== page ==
Does anyone have a Bachelor Degree in Landscape Architecture? If not, what do you have your degree in for Landscaping? What's the best school around for a Bachelor Degree in Landscaping? Any information is appreciated. Thanks
Here is a quote from this post, maybe it will be helpful.
"If you want to have a landscape contracting business, an LA degree is not the best one to get. It is a specialized degree in land planning with landscape design being a small part of that. It is not designed to make a landscape contractor out of you.
I can not speak for the state or Oregon, but in most states the years of experience that you can apply toward sitting for the exam must be under full time direct supervision of a licensed landscape architect. In many states you need two years of that experience in addition to your degree to sit for the exam. The point is that you can not get that experience if you are owning your own landscape contracting business at the same time.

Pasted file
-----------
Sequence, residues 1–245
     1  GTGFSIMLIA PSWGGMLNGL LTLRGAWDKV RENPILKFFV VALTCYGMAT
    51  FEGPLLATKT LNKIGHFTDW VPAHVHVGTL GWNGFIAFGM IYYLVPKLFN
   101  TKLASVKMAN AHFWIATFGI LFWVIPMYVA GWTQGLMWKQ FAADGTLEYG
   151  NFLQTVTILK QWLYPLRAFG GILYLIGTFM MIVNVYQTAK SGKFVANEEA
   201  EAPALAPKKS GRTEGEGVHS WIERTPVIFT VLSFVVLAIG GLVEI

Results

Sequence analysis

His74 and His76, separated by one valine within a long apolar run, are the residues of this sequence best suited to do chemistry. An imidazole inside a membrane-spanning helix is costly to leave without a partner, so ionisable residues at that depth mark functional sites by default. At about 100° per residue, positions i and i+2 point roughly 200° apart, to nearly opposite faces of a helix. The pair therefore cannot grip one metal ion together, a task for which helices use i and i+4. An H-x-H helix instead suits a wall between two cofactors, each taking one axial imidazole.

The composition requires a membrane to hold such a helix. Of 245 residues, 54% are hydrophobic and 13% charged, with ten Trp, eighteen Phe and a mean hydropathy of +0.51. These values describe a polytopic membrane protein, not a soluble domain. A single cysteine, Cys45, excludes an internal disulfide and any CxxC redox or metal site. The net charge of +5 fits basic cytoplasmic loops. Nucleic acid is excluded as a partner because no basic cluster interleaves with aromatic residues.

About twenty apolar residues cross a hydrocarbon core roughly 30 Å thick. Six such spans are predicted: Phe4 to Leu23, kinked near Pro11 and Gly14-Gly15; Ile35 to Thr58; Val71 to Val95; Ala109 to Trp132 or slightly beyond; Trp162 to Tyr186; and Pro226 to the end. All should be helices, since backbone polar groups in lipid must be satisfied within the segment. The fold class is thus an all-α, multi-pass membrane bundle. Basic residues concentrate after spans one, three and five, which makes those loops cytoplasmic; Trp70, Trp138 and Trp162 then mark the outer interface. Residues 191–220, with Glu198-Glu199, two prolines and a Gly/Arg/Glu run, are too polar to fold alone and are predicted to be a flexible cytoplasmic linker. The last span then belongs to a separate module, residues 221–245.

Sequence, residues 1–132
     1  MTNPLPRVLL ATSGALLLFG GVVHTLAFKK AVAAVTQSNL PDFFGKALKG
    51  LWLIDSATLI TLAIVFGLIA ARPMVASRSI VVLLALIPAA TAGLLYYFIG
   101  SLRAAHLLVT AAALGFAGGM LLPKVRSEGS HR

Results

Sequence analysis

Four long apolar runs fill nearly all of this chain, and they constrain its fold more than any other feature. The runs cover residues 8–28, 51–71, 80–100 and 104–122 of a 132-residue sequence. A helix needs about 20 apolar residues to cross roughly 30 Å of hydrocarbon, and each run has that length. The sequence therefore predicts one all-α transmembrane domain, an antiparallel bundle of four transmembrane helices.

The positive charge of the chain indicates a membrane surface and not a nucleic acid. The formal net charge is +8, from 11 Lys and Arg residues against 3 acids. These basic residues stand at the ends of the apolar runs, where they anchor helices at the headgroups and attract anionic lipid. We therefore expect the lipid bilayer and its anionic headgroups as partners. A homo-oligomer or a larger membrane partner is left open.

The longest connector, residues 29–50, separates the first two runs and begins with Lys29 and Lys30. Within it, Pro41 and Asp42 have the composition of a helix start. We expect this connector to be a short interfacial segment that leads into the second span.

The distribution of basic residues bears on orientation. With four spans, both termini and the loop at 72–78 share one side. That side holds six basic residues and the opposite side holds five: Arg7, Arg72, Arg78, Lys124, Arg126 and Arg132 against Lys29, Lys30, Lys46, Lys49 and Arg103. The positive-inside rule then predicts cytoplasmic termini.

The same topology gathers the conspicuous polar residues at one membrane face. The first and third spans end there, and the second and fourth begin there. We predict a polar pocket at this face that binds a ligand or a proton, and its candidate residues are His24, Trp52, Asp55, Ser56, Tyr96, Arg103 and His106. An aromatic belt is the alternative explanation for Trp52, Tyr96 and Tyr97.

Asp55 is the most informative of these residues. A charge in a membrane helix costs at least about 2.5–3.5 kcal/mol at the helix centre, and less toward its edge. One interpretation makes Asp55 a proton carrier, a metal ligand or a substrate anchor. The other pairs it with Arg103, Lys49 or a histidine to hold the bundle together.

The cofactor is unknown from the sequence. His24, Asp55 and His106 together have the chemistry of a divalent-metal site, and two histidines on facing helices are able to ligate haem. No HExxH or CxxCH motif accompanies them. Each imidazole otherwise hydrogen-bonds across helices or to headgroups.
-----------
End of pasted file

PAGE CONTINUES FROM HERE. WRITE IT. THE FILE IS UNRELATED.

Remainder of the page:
Being a registered landscape architect is not going to significantly put you ahead of your competition as a landscape contractor. I don't know why someone would want to invest all that time and money in school, in internships, and exams to be an LA if you really want to be a contractor.
Being an LA is a rewarding career and a very diverse field. There are some that are great landscape contractors as well. Many are great landscape designers while many suck.
The LA field has its high end and low end just like any other field. The high end of landscape architecture is not the same as the high end of landscape contracting. Generally speaking, when a small to mid sized landscape contractor is working on a job done by an LA, he is less likely to find a good LA on the project. That is why many of you find that the LA's you run into don't know much.